I certainly wasn't trying to suggest there is no value in retaining the old buildings, i was thinking more along the lines of who actually is willing to put the money in to do so. A lot of these buildings aren't a simple lick of paint job; one look at the jungle growing out of the shell of North Street Arcade shows the complex task involved there.As BUG pointed out maybe best not mentioning names.
@hypnotoad - you've been lulled into believing the lie - there's no profit in retaining good buildings and creating an area that gives loads of character.
It's a bit unfair to say they won't listen to feedback at all. Since taking over the scheme, the developer has moved the balance away from mainly retail to mainly office, in line with the council's targets for new office space. Since releasing the plans earlier this year, they have altered them, significantly increasing the retained facades and (supposedly) providing space for local businesses. I do agree that on the biggest issues- the arcade, Writer's Square, the developer seems unwilling to listen.It almost sounds like you're despairing - trying to balance seemingly irreconcilable forces of a great project, while enticing those developers. Well the issue is one side refuses to listen to feedback, reason, or just rules and good taste.
The balance of power probably isn't as one sided whenever 50% of the metal you are selling is a bit of a wreck. Also, it's hard to translate into the business analogy, but when you, the Council, have publically decided to target so many square metres of office space, and someone comes along to say 'yes, i will help with that, and i will also throw in cleaning up some derelict streets in the process', the offer will look more enticing.If the planners had that attitude - they're the Guardians of a raw and finite resource - then it's the develoeprs who have everything to lose. If a jeweler came to buy a precious metal from me for their ware who do you think hold the balance of power?
Some of these buildings won't have long enough to sit around and wait for this eventual organic development. Going to the example of Hill Street, it's taken over ten years for a handful of bars to open along it's length, only one of which- the Dirty Onion- has involved anything of the scope of restoration several of the buildings between North Street and Donegall Street will require.Similarly, do you really think no one is going to ever develop this area? Maybe it won't be a big master plan, but an organic smaller scheme. There's just too much opportunity there. It'll be restored in time. So why rush to acquiesce to the developers now?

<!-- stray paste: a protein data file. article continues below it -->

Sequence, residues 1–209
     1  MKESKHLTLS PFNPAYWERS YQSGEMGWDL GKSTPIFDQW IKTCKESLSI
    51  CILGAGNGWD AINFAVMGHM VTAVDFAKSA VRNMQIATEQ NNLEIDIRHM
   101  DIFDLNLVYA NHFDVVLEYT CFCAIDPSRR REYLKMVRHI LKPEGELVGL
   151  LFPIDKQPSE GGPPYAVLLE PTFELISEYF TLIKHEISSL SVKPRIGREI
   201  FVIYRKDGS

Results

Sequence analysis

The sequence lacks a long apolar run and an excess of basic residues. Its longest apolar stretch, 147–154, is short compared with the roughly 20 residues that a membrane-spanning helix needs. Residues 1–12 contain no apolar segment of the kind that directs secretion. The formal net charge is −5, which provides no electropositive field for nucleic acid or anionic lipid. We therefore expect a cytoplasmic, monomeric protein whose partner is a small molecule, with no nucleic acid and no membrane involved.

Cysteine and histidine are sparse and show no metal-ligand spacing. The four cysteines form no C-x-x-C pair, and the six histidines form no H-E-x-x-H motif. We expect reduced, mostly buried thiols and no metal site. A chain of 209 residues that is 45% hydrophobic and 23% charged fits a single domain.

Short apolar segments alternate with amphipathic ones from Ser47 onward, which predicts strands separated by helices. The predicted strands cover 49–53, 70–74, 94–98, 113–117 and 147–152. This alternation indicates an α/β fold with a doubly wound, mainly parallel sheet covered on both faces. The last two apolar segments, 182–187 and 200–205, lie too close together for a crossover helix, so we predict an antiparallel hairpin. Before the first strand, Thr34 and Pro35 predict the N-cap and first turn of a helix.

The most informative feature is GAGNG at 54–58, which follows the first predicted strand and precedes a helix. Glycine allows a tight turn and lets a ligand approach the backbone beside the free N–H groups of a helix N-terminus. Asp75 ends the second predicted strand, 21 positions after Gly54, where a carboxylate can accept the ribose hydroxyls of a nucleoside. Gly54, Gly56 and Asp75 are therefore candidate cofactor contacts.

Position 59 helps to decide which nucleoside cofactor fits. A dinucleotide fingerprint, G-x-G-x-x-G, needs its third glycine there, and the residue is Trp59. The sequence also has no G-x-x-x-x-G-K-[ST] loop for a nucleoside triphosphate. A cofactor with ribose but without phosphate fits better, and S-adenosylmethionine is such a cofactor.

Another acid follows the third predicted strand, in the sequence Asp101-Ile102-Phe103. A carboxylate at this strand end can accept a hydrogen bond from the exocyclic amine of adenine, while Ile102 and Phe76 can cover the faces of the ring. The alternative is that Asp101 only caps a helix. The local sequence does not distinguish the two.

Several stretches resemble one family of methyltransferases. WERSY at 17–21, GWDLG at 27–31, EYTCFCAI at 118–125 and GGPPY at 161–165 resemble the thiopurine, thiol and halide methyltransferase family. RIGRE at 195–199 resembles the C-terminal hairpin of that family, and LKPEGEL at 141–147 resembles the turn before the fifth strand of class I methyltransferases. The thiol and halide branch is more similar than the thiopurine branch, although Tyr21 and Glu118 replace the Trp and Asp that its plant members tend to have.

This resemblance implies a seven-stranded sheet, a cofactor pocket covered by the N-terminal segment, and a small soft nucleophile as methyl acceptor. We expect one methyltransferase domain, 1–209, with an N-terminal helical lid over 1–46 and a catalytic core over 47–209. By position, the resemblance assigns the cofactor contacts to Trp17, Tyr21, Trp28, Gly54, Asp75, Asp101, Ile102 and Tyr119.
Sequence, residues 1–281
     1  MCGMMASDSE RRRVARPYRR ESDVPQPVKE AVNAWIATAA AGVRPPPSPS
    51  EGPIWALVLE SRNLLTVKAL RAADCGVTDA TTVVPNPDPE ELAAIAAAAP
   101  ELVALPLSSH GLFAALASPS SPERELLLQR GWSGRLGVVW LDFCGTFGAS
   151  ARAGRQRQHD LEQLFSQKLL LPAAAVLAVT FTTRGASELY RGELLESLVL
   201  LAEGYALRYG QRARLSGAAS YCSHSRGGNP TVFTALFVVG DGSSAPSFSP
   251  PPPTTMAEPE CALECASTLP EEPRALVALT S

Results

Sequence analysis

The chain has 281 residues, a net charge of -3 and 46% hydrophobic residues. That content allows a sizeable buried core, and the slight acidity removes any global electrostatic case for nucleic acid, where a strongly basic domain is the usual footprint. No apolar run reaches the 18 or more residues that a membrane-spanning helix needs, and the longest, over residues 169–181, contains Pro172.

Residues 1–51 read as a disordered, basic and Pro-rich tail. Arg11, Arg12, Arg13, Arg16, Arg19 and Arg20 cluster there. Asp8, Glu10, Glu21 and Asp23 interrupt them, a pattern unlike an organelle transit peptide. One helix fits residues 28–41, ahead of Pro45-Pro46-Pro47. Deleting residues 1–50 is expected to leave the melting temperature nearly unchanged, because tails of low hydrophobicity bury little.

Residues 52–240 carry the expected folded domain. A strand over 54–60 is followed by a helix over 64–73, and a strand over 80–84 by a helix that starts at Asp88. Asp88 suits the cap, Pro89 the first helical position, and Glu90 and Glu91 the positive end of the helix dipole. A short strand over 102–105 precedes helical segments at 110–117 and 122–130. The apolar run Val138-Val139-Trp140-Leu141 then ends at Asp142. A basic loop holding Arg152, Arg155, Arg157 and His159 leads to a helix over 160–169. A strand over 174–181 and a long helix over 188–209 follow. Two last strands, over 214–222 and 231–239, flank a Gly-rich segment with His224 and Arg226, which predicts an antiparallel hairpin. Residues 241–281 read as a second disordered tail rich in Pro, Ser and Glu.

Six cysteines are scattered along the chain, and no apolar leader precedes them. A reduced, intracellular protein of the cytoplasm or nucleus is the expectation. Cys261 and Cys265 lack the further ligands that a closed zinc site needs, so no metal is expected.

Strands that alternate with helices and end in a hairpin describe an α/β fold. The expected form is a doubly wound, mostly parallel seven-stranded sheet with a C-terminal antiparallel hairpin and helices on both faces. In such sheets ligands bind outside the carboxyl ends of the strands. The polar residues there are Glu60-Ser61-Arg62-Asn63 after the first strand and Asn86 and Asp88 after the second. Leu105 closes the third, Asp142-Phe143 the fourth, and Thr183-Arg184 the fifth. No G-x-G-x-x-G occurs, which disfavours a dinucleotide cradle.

Also, the developer is retaining many of the facades along North Street and Donegall Street. Did we all get angry when Premier Inn did exactly the same for their hotel at 4 corners? I certainly don't recall much anger on here. Or, how about the old Athletic Stores building? Facade retained, with new development in behind comprising additional floors... again not much dissent on here, but somebody comes along proposing to do that to some of the buildings in this area and its a travesty.
Look, i'm certainly not, as you seemed to be suggesting, standing there getting ready to wave the diggers through. I've pointed out on here my issues with the scheme, and also responded to the last public consultation- The scale of the office between Writers Square and North Street, the need for a big department store (and the quality of its design), the quality of the buildings fronting Royal Avenue, the loss of local character. I was simply wondering where we go from here. Personally, i think the council needs to stop packaging up areas of the city, and asking for a masterplan for the area. However, i think the process with this scheme has gone too far, and it will go ahead. It would just be great if that included scrapping the unnecessary department store and restoring the arcade.